6 Tips for Handling Your Own PR
All of those stories you read online or see on TV — the ones quoting or interviewing small-business owners like you — don’t happen by accident. Someone at those companies did something to catch the media’s eye.
You could hire a public relations firm to raise your profile, but it’ll cost you. Or you can handle your own PR as part of your overall marketing plan. If you choose to go the latter route, here are six tips for getting noticed by the press.
1. Have a clear goal. Knowing what kind of publicity you seek will help you define your PR strategy. Some examples: If your goal is to simply sell more products or services, you’ll want to reach consumers through local or regional media. If your goal is to attract investors, your efforts should target the financial press. If your goal is to establish yourself as a thought leader in your industry, your strategy should focus on getting known by bloggers and reporters who cover your niche.
2. Make PR a priority. Of course you have a million other things to do, but publicity builds brand awareness, which typically leads to more customers. Try to devote 30 minutes a day to engaging in PR activities. After a few days, you’ll likely find yourself looking at your business through different eyes — as someone identifying ideal opportunities for media exposure.
3. Build a strong network. Look closely at the bylines on articles, blogs, and other news sources. Compile a list of people you’d like to get to know. Some may be big-name journalists, while others may be known only within a specialized area. Learn what kinds of stories appeal to each one (see #4). Seek out up-and-coming writers who cover topics related to your business; they’re often the most approachable.
4. Focus on content of value. Although the media constantly craves new ideas and information, reporters and bloggers won’t write about just anything. They’re wary of blatantly self-promotional “news.” Consider how what you sell or do ties into current events. For instance, let’s say you offer travel services to frequent flyers. A good story pitch amid the NSA/Edward Snowden news might be something like, “10 Ways to Be Productive When Stranded in Moscow,” writes Geoffrey James for Inc. The window of opportunity for news hooks is short, but the right angle can prove irresistible.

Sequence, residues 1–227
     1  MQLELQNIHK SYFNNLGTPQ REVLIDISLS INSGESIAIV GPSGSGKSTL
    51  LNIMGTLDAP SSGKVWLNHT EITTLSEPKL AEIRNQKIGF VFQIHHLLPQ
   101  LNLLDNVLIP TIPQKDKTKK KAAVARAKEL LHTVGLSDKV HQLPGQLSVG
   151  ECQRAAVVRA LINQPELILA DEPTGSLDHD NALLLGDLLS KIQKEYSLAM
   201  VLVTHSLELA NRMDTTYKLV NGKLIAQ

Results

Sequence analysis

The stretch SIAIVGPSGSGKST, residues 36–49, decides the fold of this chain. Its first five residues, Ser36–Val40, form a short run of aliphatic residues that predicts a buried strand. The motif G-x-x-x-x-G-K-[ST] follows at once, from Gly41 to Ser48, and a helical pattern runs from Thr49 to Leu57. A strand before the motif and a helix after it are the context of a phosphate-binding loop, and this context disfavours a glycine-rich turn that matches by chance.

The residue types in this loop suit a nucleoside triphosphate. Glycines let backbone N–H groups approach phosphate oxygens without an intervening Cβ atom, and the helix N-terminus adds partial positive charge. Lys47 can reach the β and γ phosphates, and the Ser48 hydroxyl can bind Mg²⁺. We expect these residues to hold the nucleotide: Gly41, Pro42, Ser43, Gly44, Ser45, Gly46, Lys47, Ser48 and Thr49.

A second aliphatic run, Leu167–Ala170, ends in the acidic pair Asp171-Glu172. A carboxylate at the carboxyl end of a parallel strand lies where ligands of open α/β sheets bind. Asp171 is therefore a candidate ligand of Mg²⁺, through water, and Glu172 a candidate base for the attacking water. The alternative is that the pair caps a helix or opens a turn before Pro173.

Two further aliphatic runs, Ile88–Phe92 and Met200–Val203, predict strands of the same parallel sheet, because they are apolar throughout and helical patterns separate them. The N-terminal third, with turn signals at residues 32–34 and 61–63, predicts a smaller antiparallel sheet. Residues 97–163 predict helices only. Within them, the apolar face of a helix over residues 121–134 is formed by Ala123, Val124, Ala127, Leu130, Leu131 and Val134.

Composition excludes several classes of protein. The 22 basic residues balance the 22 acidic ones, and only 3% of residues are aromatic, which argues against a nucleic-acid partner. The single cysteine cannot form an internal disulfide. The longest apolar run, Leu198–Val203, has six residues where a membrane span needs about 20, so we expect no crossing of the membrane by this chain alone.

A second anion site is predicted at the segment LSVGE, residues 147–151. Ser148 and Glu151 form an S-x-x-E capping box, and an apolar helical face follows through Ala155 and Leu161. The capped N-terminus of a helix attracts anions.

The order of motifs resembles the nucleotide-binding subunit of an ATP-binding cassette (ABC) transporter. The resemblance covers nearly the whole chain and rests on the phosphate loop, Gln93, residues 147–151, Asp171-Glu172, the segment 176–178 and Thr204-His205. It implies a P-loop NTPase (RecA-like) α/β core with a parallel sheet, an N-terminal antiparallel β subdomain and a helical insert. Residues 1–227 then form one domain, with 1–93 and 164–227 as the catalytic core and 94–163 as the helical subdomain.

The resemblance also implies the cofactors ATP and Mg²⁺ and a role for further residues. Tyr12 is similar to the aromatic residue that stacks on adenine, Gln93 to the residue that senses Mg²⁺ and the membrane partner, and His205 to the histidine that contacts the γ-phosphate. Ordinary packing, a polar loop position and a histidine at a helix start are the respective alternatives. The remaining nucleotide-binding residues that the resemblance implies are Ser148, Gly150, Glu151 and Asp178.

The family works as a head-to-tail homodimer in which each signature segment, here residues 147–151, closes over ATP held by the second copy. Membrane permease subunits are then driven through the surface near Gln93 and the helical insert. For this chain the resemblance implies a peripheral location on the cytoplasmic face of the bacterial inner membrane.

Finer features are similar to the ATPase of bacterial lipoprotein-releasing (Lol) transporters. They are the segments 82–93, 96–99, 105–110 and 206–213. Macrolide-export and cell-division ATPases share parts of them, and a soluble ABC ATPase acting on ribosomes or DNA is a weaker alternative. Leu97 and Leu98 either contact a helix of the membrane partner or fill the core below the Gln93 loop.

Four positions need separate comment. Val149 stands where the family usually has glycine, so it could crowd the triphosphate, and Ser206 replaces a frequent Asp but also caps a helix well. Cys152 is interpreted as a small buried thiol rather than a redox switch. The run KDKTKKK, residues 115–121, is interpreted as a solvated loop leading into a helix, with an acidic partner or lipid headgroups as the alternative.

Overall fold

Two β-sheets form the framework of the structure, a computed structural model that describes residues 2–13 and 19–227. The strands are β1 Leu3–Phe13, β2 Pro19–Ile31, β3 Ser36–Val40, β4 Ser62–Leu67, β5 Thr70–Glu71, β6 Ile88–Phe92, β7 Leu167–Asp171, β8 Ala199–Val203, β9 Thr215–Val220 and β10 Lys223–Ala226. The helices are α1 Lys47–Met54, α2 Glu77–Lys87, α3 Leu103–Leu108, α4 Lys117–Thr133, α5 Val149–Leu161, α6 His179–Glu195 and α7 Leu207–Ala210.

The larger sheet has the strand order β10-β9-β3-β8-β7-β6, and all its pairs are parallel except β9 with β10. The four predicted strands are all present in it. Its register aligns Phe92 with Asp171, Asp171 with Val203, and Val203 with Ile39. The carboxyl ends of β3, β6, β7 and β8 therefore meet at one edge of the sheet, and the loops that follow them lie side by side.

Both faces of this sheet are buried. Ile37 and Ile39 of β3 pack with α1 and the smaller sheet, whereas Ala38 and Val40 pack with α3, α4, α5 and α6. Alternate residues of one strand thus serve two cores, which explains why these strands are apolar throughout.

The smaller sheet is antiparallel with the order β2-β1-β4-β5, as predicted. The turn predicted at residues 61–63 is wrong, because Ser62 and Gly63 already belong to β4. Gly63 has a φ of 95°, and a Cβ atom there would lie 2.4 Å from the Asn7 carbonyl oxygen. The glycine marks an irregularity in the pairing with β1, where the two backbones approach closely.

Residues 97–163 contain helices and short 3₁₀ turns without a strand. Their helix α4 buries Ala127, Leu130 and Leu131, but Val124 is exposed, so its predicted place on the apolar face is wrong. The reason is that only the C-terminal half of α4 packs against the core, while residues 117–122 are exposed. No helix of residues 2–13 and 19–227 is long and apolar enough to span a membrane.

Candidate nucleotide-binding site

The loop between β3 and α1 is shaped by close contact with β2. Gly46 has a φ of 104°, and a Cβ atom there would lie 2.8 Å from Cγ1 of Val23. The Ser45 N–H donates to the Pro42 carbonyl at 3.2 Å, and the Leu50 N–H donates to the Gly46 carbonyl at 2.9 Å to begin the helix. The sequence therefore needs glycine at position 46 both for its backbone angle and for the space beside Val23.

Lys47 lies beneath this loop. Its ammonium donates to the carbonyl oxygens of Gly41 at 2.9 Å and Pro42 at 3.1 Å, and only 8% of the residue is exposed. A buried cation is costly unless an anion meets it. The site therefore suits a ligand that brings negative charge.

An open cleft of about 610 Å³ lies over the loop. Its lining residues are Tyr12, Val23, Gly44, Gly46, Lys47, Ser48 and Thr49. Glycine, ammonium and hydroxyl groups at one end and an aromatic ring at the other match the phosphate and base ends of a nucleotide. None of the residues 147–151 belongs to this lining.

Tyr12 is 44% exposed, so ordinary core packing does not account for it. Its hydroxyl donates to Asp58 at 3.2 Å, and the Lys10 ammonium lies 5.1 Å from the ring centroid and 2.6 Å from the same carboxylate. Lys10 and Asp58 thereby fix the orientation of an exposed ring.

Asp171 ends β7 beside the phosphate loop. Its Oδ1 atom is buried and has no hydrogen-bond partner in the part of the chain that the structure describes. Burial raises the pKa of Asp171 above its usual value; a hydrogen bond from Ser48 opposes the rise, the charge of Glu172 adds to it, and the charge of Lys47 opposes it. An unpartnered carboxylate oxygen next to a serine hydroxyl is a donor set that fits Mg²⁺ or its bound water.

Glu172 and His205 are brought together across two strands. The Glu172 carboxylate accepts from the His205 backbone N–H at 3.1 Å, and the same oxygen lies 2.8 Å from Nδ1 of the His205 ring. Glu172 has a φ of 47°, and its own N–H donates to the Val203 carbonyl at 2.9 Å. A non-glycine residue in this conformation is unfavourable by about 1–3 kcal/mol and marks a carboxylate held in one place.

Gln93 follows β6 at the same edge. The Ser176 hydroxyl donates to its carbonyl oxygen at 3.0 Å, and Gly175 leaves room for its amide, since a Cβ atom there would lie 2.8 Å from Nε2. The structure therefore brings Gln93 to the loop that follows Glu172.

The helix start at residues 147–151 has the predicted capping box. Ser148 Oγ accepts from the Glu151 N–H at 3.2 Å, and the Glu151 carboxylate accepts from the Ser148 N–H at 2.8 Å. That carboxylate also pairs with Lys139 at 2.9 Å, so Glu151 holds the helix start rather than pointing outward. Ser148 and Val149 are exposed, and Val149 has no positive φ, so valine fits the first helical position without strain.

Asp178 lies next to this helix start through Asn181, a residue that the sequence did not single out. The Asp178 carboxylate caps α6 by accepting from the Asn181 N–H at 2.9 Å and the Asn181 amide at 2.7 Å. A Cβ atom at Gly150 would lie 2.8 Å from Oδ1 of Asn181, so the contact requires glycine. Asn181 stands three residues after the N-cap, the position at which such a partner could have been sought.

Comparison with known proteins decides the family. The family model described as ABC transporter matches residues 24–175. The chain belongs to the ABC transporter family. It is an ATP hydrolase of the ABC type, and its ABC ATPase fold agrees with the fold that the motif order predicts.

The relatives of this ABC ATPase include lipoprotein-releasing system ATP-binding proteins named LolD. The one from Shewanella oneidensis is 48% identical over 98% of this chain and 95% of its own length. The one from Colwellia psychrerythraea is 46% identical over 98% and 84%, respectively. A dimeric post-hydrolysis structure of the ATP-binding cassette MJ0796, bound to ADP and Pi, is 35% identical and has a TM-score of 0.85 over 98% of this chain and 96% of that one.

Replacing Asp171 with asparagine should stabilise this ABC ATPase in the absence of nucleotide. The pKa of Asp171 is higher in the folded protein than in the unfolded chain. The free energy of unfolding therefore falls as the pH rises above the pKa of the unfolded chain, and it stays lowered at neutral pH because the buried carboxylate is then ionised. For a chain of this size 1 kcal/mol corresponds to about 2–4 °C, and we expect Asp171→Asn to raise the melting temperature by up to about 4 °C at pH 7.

5. Craft an appealing press release. Once you’ve decided on a compelling topic, put together a press release designed to resonate with the media. A properly structured press release clearly states “who, what, where, when, why, and how,” but there’s more. Include the hook in your headline and in the first paragraph. Keep your sentences short. Offer only the business-related information that pertains to the topic of the press release. Stick to the facts. Hyperbole like “greatest” and “highest customer ratings” (particularly without any supporting data) will kill a writer’s interest.
6. Send a customized pitch. When your press release is ready, it’s time to pitch the people on your media contact list. Send an email — with a brief but compelling subject line — that describes in one or two sentences why your news is of interest to the reporter’s or blogger’s audience. Make yourself available for an interview at the other person’s convenience, not yours. Be prepared for rejection or to be simply ignored.
Journalists constantly receive pitches and press releases. The ideas that eventually get through come from small-business owners and others who are persistent and offer something of value.
Lee Polevoi is an award-winning business writer specializing in the challenges and opportunities facing small business. He is former Senior Writer at Vistage International, a global membership organization of CEOs.